Step-by-Step Instructions to Adjust Your Fee Schedule
Are you considering adjusting your fee schedule?
I always recommend creating an insurance analysis.
This data gives you a starting point to work with.
It’s best to run multiple reports in your dental software to get data on the number of patients per insurance contract and most frequently used procedure codes.
I use an excel spreadsheet with approximately 15-25 codes, then enter all current fee schedules and list how many active patients are assigned to each of the contracts.
Be sure to include data like:
- Starting standard fees
- Fees per insurance contract
- Average fees for your area
Note: As you inactivate patients, remove their insurance to make your numbers more accurate (and helpful if/when your office decides to drop an insurance contract).
5 steps to adjust your fee schedule
1. Correct and update all UCR fees in your system.
Collect appropriate data and update to 80%-90% UCR or increase by 10% if your system fees are extremely low.
The percentage you increase to should depend on your area.
Your fees should be updated every year.
2. Print your UCR fees 1x for every insurance contract, along with attaching the UCR average of your area.
Contact your sales representatives and ask if they can help you obtain a copy. If you work closely with certain companies, they will provide it to you and save you about $300!
3. Send the data collected with a firm letter.
Your letter should not only requests a change in fees but also explains who you are and what you are looking to accomplish.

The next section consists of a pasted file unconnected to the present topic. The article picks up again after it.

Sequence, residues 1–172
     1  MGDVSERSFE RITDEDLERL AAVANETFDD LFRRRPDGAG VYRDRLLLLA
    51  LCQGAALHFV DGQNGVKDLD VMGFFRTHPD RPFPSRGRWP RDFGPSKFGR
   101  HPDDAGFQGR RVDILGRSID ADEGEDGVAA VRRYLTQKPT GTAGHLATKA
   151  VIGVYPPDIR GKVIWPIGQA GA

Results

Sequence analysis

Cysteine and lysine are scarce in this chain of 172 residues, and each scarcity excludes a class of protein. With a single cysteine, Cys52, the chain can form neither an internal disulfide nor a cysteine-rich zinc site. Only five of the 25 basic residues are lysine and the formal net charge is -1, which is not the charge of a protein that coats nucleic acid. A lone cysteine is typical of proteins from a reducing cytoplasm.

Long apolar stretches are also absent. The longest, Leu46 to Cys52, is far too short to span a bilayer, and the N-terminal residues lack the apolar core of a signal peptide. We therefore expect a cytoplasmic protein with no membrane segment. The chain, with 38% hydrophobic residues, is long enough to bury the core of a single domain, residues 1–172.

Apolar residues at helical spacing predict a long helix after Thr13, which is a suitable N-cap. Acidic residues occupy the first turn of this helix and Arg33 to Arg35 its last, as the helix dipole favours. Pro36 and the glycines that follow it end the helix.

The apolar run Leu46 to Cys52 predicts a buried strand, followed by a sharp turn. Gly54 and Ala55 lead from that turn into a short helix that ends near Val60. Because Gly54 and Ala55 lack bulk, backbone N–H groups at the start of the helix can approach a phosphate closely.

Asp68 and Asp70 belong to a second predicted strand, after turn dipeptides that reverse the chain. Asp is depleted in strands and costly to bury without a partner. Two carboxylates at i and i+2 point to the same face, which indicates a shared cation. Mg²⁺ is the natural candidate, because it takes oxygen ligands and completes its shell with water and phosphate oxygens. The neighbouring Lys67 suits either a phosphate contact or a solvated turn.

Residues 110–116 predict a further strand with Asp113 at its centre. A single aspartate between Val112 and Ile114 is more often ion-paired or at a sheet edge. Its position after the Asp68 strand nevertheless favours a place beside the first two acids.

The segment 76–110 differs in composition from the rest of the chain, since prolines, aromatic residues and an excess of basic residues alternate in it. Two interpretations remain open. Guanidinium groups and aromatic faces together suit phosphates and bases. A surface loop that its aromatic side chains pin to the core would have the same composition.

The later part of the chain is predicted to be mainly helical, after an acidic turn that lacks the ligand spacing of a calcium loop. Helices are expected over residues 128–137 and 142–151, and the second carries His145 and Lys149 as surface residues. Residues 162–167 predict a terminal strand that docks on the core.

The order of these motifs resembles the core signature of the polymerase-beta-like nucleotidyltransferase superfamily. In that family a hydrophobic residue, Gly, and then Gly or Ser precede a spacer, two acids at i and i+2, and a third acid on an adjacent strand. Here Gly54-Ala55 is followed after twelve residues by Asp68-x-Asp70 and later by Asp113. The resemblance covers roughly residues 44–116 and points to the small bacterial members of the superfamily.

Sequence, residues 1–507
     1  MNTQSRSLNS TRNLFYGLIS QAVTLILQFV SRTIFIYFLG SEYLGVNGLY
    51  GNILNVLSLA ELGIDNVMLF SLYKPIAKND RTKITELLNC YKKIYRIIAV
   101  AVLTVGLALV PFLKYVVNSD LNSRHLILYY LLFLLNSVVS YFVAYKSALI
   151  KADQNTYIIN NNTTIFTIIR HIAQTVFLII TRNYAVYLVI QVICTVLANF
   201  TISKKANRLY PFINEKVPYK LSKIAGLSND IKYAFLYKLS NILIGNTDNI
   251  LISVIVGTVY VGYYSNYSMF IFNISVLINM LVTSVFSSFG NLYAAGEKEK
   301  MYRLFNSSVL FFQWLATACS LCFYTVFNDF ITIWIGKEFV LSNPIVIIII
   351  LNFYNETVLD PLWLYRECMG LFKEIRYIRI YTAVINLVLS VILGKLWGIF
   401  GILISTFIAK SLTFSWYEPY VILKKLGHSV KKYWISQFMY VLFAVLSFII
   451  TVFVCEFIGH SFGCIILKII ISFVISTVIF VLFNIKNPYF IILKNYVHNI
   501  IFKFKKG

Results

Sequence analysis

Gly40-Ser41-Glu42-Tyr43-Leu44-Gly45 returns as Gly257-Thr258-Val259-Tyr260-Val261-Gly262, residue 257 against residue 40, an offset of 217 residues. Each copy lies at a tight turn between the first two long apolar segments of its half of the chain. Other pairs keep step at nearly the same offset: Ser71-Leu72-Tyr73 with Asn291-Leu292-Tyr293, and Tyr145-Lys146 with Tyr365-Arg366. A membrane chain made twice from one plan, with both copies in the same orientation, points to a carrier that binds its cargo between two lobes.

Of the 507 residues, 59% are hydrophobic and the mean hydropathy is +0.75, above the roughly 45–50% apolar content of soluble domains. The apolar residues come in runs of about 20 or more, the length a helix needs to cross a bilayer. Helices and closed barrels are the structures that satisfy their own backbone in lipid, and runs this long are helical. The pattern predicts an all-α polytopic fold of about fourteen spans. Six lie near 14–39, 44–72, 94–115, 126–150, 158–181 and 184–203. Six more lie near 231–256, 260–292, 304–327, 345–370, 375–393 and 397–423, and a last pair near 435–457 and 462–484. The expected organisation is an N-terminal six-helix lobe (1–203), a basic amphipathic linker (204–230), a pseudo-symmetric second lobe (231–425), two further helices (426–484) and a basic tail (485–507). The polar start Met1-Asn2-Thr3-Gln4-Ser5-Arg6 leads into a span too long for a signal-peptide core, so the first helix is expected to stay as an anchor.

Be thorough and direct.
The letter should state that you want a response in writing within 30 days. If you do not get the response you are looking for or no response at all, you must follow up.
4. In the process of obtaining fees, evaluate what you’re looking to accomplish.
Are you wanting more money for the work you’re already doing?
Wanting additional/fewer new patients, and why?
By doing so, you can determine if you need to combine insurance contracts to achieve a higher fee schedule (working smarter, not harder).
If you want more new patients:
I wouldn’t always suggest combining contracts because this could isolate some employer-specific plans to a lower based payment and some patients may not stay with your practice.
You have to determine if these are the patients you “want” or if you are ok with having higher fees and patients willing to pay more out of pocket.
5. Evaluate how many active patients you have per insurance contract.
You may find getting rid of a bad contract will be beneficial to the office.
Thoroughly explain why you chose to cancel your contract with those patients. Send each patient a personal letter explaining that your care for them is more important than what their insurance company is expecting your office to accept.
Work smarter, not harder
Depending on the size of your office, the analysis, coaching, and negotiations can take 5-20 hours total.
Sound like a lot?
If you personally do not have the time or do not feel you can successfully negotiate fees for your office, speak with your doctor(s) about hiring an insurance coach to do so for you.
There are even coaches out there to teach, work with, and guide you in the right direction.
Meet the Author
Sandy McGrew, FAADOM, is a busy dental practice manager, wife, and mom.
She serves as the office manager at Podvia and Stanford Family Dentistry… This text opens a new tab to the Podvia and Stanford Family Dentistry website… in Florida. She began her career working for Aetna Dental Insurance and is also a certified dental assistant.
Today, Sandy works with 40+ practices throughout Florida and Georgia, helping staff through education related to insurance, marketing, and more.
In her free time, she stays busy by shuffling kids to soccer, dance, and swim meets. Otherwise, you’ll be sure to find her at the pool or beach!